Hungary and Romania

Hungarians are different to Romanians. The last decades since the 1956 crackdown have been more benevolent than in Romania.

There is disbelief about the suffering of anthroposophists in Romania and incorrect beliefs about their own country. Nora was convinced Lake Balaton was only for wealthy tourists and full of ugly resorts. Eva had told me that was only true of some parts and much of it was very beautiful. Eva believed that Miskolc was only an industrial city and couldn’t have a lovely Waldorf school in lovely surroundings. The truth is that the industrial aspect of Miskolc has long since gone and only the ruins of factories remain.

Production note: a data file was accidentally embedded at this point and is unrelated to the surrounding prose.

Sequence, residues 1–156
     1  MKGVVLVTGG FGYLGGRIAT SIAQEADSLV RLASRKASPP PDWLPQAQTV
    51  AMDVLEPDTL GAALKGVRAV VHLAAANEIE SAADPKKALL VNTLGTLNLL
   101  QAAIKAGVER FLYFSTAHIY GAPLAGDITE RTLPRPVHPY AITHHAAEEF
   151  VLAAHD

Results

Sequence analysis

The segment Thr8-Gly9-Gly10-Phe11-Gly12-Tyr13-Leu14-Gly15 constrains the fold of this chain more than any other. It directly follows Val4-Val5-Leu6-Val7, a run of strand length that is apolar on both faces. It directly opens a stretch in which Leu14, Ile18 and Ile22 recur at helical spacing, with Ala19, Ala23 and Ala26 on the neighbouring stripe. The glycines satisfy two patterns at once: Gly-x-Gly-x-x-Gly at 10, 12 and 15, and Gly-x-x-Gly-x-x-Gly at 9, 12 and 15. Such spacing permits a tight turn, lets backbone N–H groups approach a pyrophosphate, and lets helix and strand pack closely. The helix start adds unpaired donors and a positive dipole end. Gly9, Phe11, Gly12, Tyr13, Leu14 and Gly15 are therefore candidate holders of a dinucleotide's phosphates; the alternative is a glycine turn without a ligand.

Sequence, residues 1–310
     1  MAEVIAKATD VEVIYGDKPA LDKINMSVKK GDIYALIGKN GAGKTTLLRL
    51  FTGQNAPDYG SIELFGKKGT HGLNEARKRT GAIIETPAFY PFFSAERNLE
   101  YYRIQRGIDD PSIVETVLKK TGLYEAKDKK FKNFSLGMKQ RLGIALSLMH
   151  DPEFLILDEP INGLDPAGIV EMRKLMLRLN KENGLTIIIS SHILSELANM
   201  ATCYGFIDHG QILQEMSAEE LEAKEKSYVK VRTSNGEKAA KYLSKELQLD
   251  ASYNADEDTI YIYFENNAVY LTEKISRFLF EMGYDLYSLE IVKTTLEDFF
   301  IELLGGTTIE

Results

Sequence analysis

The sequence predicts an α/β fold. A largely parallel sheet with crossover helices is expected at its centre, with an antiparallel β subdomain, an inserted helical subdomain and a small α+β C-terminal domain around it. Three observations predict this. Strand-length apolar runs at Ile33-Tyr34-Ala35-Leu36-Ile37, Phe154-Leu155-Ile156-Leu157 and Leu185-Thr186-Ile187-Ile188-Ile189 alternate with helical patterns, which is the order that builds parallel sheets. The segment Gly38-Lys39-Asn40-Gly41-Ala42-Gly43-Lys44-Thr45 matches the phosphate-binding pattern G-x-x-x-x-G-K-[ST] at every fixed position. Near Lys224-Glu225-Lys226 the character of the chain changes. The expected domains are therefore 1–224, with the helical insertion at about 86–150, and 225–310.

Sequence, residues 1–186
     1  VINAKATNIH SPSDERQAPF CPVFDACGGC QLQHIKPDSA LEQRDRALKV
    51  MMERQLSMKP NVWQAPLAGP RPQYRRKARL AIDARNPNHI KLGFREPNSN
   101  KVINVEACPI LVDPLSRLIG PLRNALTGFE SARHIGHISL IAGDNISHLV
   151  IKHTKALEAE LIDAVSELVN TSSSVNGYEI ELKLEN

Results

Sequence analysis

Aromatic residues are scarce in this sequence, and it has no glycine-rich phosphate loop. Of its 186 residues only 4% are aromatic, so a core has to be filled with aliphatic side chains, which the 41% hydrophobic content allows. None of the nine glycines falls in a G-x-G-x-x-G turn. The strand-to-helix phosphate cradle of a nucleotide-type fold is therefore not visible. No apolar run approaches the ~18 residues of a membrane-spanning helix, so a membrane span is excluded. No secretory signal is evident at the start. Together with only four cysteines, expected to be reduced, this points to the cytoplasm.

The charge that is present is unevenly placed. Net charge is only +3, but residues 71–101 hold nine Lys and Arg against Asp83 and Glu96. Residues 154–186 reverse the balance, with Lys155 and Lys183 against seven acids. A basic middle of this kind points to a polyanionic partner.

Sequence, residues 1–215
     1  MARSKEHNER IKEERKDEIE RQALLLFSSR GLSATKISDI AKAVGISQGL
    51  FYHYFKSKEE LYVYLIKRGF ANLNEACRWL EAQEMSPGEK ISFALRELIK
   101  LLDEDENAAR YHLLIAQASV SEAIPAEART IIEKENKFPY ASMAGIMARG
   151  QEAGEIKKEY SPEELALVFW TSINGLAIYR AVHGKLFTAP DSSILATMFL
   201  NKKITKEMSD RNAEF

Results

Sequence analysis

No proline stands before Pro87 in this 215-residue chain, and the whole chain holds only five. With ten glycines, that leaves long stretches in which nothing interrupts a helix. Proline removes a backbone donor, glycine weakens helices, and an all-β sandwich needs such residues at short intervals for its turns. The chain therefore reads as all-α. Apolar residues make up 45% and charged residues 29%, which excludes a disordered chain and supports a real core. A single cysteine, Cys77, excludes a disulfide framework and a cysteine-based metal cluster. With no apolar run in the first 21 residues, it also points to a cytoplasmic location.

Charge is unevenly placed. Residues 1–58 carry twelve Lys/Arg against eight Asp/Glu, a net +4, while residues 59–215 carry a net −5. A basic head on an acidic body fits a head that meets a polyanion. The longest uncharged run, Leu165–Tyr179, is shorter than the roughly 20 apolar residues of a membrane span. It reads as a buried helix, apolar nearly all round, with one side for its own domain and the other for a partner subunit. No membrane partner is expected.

With ‘freedom’ the oligarchs left, industry closed down and a high proportion of the population lost their jobs.

These are just two examples of mistaken beliefs about their own country and their neighbors, which brings a bit more understanding about what seems like confused beliefs of the population in Ukraine.

Romania is worried; Hungary doesn’t seem to be. I suppose much of it depends on previous experience of communism.

I’m having quite a grand time in Miskolc with Nora Kunos, a Waldorf school parent who can organize a few days of traditional Hungarian activities and sites for us to visit when we come.

A highlight for me was being asked to speak to a Grade 12 class who were about to have an English class. They were respectful, curious about Canada in general and BC in particular, and had good questions. They delighted in bear stories and wanted to know about the Inuit. I so enjoy working with Waldorf high school students. It was good meeting some teachers and it was apparent that I passed The Test – whatever that was. Nora gave me a good report next day and a message of welcome.